Apple Introduces ‘Eyes Free’ Feature, Puts Siri in Your Car
9 automakers have signed on to have Apple’s voice assistant work with steering-wheel buttons.
The biggest news to come out of Apple's Worldwide Developer's Conference in San Francisco yesterday -- at least from an autos perspective -- is that the company is officially (and finally) becoming an automotive supplier. Apple announced that a feature called Eyes Free, which integrates for in-vehicle use the popular Siri voice-assistant function from iPhone, will become available for vehicles from BMW, General Motors, Mercedes-Benz, Land Rover, Jaguar, Audi, Toyota, Chrysler and Honda within the next 12 months.
On its website, Apple says it’s “working with car manufacturers to integrate Siri into select voice-control systems” through the voice-command button on the steering wheel. “You’ll be able to ask Siri questions without taking your eyes off the road … to call people, select and play music, hear and compose text messages, use maps and get directions, read your notifications, find calendar information, add reminders and more.” The website also says that using Eyes Free won't cause your iOS device screen to light up -- an effort to “minimize distractions even more."
BMW told FoxNews.com in a statement that it expects to have Eyes Free available in its vehicles by mid-2013. FoxNews.com said other automakers declined to comment, though Mercedes had earlier announced plans to integrate Siri into its A-Class vehicles, which will be available in Europe later this year. With that plan, however, a driver's iPhone will be accessed via Mercedes’ Comand infotainment system -- not with just a simple steering-wheel button, as with Eyes Free.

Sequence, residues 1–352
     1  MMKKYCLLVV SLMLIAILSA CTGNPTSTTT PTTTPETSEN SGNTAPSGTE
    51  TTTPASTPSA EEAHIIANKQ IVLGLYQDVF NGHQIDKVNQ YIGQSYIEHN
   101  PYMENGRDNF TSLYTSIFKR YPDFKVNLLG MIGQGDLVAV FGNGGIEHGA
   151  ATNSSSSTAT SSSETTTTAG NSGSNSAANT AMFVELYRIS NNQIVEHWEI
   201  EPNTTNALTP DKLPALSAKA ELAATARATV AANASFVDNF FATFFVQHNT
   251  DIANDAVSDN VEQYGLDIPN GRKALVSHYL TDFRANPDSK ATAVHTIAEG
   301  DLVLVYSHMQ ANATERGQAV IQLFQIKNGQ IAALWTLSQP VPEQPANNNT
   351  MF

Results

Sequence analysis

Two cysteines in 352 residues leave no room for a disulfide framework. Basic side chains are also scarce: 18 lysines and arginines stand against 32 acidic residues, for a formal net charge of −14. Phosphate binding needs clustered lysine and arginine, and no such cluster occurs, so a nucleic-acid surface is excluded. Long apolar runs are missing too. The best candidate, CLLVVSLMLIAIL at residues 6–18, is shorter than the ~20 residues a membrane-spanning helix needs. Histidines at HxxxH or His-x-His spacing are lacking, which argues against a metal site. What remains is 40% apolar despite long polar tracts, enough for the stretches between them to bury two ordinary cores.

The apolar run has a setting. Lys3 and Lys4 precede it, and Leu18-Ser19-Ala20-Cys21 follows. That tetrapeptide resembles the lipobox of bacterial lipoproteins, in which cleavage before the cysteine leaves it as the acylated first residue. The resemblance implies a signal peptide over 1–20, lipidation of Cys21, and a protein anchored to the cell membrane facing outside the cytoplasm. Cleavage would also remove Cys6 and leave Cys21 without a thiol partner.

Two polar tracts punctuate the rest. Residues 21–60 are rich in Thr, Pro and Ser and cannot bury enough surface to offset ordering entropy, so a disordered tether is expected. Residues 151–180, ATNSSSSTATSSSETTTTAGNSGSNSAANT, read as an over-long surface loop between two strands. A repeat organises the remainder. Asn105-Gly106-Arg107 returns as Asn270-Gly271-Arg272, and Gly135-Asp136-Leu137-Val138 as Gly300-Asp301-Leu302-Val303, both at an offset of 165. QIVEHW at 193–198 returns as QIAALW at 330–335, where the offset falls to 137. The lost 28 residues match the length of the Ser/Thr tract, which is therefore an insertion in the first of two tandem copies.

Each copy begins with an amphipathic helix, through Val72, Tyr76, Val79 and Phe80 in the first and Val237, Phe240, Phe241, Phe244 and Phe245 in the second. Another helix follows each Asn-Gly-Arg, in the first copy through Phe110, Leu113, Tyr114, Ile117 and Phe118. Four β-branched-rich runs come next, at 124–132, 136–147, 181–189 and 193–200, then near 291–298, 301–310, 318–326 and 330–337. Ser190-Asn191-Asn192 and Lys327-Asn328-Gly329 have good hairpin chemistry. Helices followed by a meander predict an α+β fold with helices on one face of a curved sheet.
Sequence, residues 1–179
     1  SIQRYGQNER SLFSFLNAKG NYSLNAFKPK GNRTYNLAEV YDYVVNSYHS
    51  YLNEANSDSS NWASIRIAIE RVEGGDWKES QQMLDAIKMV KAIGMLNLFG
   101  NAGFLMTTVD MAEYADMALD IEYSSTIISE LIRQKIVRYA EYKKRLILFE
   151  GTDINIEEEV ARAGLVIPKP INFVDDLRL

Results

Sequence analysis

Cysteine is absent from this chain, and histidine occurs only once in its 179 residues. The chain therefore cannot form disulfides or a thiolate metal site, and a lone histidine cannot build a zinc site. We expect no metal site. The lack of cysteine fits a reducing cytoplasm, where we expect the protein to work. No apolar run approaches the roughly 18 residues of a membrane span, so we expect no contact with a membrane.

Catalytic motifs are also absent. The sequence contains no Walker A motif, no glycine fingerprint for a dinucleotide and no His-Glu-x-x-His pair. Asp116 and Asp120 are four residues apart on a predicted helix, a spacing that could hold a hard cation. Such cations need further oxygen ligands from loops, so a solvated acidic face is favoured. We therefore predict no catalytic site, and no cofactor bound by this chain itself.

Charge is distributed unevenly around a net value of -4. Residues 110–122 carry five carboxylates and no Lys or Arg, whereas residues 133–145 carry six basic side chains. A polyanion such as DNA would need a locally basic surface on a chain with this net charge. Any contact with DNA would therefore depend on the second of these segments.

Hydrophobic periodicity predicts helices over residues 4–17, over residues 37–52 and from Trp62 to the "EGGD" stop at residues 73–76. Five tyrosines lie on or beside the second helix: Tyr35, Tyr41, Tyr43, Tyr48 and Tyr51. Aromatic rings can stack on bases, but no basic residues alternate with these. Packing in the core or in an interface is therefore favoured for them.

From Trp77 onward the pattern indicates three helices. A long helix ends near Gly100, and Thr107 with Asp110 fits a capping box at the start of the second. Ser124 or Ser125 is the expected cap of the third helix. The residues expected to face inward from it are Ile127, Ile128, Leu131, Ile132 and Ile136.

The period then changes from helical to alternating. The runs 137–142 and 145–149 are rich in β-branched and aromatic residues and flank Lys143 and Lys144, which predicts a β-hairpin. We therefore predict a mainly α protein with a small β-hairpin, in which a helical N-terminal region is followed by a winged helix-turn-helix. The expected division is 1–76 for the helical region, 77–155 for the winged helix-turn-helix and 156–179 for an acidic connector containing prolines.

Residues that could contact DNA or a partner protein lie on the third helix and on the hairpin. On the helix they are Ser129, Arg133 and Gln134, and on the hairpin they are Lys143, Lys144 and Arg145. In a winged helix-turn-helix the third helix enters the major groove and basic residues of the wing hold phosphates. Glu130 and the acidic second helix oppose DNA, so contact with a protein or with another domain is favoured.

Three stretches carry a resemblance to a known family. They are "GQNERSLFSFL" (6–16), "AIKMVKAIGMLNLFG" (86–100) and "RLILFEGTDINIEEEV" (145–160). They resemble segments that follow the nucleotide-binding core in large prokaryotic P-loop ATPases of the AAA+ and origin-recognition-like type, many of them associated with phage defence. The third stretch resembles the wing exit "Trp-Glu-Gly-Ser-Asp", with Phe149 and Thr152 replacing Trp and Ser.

In other auto-Apple news, Apple is also getting into the navigation business.
The company confirmed that it’s ditching Google Maps on its devices and will now use its own proprietary 3-D mapping navigation interface. (Google announced last week that its Map App is getting a 3-D upgrade as well.) And along with its new mapping interface, Apple is rolling out another long-awaited nav feature: turn-by-turn directions.
Apple's mapping system will also anonymously collect crowd-sourced traffic data to reroute drivers around a jam, and offer integrated Yelp information for destinations such as restaurants -- at which point, of course, one could use Siri to make reservations via Open Table, as well as check movie reviews from Rotten Tomatoes, check sports scores and update one's Facebook or Twitter status. All with the push of a steering-wheel-mounted button.
Eyes Free is an ideal way for Apple to make its entry into the automotive world -- especially since voice activation is the least distracting method for drivers to access information behind the wheel, and is often used as a defense by automakers when they’re accused of creating or implementing distracting technology. With Apple’s history of tech innovation and interface ease, it should also be ideal for drivers -- that is, of course, as long as they own an iPhone 4S or the new iPad (which will gain Siri functionality with the launch of iOS 6 this fall).
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